Will hotel minibars survive the COVID storm?

Expensive to maintain, yield low revenues, need manpower to stock and monitor— minibars have fallen out of favour over the years. The fear of contamination furthers the reasons why many hotels are pulling the plug on them

Minibar, Minibar disappearing from hotel, Vending machines, Wifi, In-room luxury amenity minibar, Post-COVID

Once regarded as the most popular in-room luxury amenity, minibars are now neglected and underused by most guests staying in premium and luxury hotels. Let us admit minibars serve a useful purpose. They provide convenience to guests looking to satiate their untimely hunger cravings or cravings for a drink within the comfort of their rooms.

However, they are no longer a novel concept and add only a tiny fraction to hotel revenues. Some hotels are even lowering the prices of minibar offerings, while others are getting rid of them altogether and some properties are offering a few items at no cost The COVID effect that could spell a death knell.

How we stay and what amenities we use in hotels will forever be changed by the COVID pandemic. Hoteliers are altering spaces to meet the demands of a post-COVID world, whatever that is. They are also focusing on downsizing the content in guestrooms in a bid to stay ahead of the game and provide a hygienic stay.

Services such as the breakfast buffet, coffee stations, excess hangers and linens, even in-room minibars are being eliminated in a bid to lessen the surfaces that can attract the virus. As a precautionary measure, Pullman and Novotel New Delhi Aerocity have, for now, removed the minibars and are not planning to bring them back anytime soon, due to hygiene concerns. “We are replacing the minibar with on-demand minibar items. Customers can place their orders for both the minibar food items and essentials.

A note will be displayed on the minibar informing people about the move,” says Smita Rathod, Director of Housekeeping, Pullman & Novotel New Delhi Aerocity. Much like Pullman, Conrad Bengaluru will continue to offer the amenities upon special request. The hotel’s new digital concierge, Kipsu, will allow guests to place orders from their restaurants or minibars.

“When an order for in-room dining is placed, our team members will not enter the room for delivery. Guests can choose to either call the Conrad Concierge service from their room or chat with us through our digital concierge, Kipsu, which allows you to place orders via text, supporting our initiative towards contactless service. Another thought includes installing vending machines on each guest floor,” says the hotel’s general manager Srijan Vadhera.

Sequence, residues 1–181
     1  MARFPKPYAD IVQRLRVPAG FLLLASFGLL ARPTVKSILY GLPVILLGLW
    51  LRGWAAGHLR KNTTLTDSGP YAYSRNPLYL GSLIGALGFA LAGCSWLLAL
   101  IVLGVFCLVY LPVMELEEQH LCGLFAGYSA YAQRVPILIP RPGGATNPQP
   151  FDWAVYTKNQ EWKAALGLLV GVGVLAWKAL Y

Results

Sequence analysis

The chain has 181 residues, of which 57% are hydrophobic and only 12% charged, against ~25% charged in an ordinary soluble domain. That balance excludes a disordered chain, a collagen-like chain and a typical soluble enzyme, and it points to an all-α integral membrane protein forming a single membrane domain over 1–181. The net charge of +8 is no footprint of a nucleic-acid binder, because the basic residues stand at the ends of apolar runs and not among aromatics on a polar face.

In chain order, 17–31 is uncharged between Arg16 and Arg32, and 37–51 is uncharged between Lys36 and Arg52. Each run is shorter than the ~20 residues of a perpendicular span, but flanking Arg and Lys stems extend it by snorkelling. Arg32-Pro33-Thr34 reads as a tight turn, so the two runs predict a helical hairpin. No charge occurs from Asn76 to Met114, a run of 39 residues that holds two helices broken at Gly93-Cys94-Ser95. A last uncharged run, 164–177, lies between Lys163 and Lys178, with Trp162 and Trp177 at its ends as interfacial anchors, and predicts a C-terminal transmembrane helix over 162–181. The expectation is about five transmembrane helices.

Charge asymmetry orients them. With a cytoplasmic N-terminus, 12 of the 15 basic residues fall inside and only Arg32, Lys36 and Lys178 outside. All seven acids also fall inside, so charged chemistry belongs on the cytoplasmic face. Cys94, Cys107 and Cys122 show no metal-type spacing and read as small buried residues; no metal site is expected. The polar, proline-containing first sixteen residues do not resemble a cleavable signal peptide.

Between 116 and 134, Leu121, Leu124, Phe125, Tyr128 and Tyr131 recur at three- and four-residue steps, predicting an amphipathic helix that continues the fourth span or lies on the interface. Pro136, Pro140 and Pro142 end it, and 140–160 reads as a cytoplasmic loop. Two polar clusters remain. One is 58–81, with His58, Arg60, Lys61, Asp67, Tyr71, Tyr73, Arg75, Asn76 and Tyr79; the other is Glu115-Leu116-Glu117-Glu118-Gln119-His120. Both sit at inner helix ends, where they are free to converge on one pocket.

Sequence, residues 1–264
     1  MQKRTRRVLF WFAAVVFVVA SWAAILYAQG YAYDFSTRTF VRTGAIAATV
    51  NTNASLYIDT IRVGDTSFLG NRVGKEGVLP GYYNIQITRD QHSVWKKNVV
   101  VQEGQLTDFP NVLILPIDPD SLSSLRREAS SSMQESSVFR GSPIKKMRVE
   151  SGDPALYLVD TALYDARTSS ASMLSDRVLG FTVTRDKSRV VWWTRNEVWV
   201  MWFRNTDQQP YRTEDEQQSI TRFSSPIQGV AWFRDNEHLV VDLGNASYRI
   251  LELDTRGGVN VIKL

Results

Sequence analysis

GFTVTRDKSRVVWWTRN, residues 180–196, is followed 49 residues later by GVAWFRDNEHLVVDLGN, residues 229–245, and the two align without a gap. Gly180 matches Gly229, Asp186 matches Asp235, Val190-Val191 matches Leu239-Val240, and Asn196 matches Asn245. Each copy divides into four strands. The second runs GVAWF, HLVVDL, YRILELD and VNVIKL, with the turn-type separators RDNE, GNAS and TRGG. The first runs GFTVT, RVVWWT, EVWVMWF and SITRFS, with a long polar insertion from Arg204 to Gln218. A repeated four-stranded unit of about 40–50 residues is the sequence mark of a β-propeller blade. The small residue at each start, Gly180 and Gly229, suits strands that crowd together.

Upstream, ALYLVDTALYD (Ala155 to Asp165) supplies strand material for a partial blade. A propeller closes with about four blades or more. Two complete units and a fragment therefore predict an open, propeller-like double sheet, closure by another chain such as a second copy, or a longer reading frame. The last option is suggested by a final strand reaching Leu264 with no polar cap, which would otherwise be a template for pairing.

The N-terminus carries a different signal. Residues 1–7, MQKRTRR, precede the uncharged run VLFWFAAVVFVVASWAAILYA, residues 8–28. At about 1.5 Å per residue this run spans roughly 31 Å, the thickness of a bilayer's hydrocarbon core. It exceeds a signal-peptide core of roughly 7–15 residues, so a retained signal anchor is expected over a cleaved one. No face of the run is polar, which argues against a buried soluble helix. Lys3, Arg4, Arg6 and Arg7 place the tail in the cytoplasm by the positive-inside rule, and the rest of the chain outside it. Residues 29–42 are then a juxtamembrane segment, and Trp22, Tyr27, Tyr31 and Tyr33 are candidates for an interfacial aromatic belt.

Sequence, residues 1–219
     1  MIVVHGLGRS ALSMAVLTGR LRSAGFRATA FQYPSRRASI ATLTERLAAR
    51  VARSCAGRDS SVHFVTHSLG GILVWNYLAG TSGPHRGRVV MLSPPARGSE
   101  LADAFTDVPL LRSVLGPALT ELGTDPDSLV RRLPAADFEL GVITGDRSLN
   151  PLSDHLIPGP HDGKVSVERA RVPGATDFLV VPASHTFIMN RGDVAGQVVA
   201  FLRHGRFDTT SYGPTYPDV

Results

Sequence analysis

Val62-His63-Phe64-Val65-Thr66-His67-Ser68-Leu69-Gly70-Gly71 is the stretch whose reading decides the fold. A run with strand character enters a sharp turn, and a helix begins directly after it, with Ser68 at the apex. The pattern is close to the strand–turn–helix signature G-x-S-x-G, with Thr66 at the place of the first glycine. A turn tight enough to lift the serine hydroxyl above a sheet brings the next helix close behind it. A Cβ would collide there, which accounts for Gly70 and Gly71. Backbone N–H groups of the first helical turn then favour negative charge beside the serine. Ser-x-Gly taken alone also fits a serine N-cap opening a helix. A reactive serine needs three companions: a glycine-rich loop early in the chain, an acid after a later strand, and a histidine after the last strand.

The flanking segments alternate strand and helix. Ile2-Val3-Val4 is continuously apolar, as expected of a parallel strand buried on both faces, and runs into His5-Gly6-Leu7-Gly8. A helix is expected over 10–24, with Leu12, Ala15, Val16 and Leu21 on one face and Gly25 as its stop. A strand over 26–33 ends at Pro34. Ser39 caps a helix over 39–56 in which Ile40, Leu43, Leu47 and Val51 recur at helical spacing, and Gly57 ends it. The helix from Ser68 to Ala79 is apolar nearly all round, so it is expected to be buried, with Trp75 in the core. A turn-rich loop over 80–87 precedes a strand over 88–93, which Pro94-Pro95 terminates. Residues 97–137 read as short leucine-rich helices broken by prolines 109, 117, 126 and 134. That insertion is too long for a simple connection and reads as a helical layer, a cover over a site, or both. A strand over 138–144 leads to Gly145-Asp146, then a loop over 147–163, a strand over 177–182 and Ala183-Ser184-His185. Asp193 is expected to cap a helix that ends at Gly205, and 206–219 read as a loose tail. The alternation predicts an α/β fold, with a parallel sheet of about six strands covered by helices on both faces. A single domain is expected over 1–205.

When asked about what could replace minibars in the future, he says, “Customised minibar kits with DIY recipes will take the forefront for in-room experiences.” According to Kunal Chauhan, General Manager, The Leela Palace Bangalore, the management of minibars has always been a complicated operation, plagued with multiple problems of highcost investment, huge stock holding, expiration date management, miniature stock availability and multiple entries in guest rooms.

“COVID will further bring down the existing low level of consumption by in-house guests. I think minibars operations will slowly fade away and become a thing of the past. New hotels would not invest in this high CAPEX proposition.”

The challenges of running a minibar 
High labour costs, high energy consumption, space-consuming and overstocking resulted in the minibars falling out of favour with hotels.

In a particular study, nearly 500 hotel owners who were surveyed on their experience with minibar management, the owners collectively agreed that re-stocking minibars is a “nightmare,” with 84% reporting guests would dodge bills by stealing items and replacing stocked items with inferior products.
Hotels had to spend on technology to keep track of minibar sales. Some hotels installed motion-sensor technology. When a guest moved a packet of chips or chocolate, the sensor immediately notified
them about the movement and the charges got added to their account.

According to Kunal Chauhan, General Manager, The Leela Palace Bangalore, the problems with their minibar management include expiry management, periodic cleaning and sanitisation of glassware, unavailability of good products with enough expiration time. Besides, the staff had to monitor the expiry dates of products.